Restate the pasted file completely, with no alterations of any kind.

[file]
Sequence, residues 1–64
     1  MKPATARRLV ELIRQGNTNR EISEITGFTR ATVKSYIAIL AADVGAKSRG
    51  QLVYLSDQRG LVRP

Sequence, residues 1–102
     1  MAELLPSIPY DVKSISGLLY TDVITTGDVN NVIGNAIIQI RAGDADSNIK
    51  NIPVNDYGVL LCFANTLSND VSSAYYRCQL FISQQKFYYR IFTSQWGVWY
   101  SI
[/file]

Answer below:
Sequence, residues 1–64
     1  MKPATARRLV ELIRQGNTNR EISEITGFTR ATVKSYIAIL AADVGAKSRG
    51  QLVYLSDQRG LVRP

Sequence, residues 1–102
     1  MAELLPSIPY DVKSISGLLY TDVITTGDVN NVIGNAIIQI RAGDADSNIK
    51  NIPVNDYGVL LCFANTLSND VSSAYYRCQL FISQQKFYYR IFTSQWGVWY
   101  SI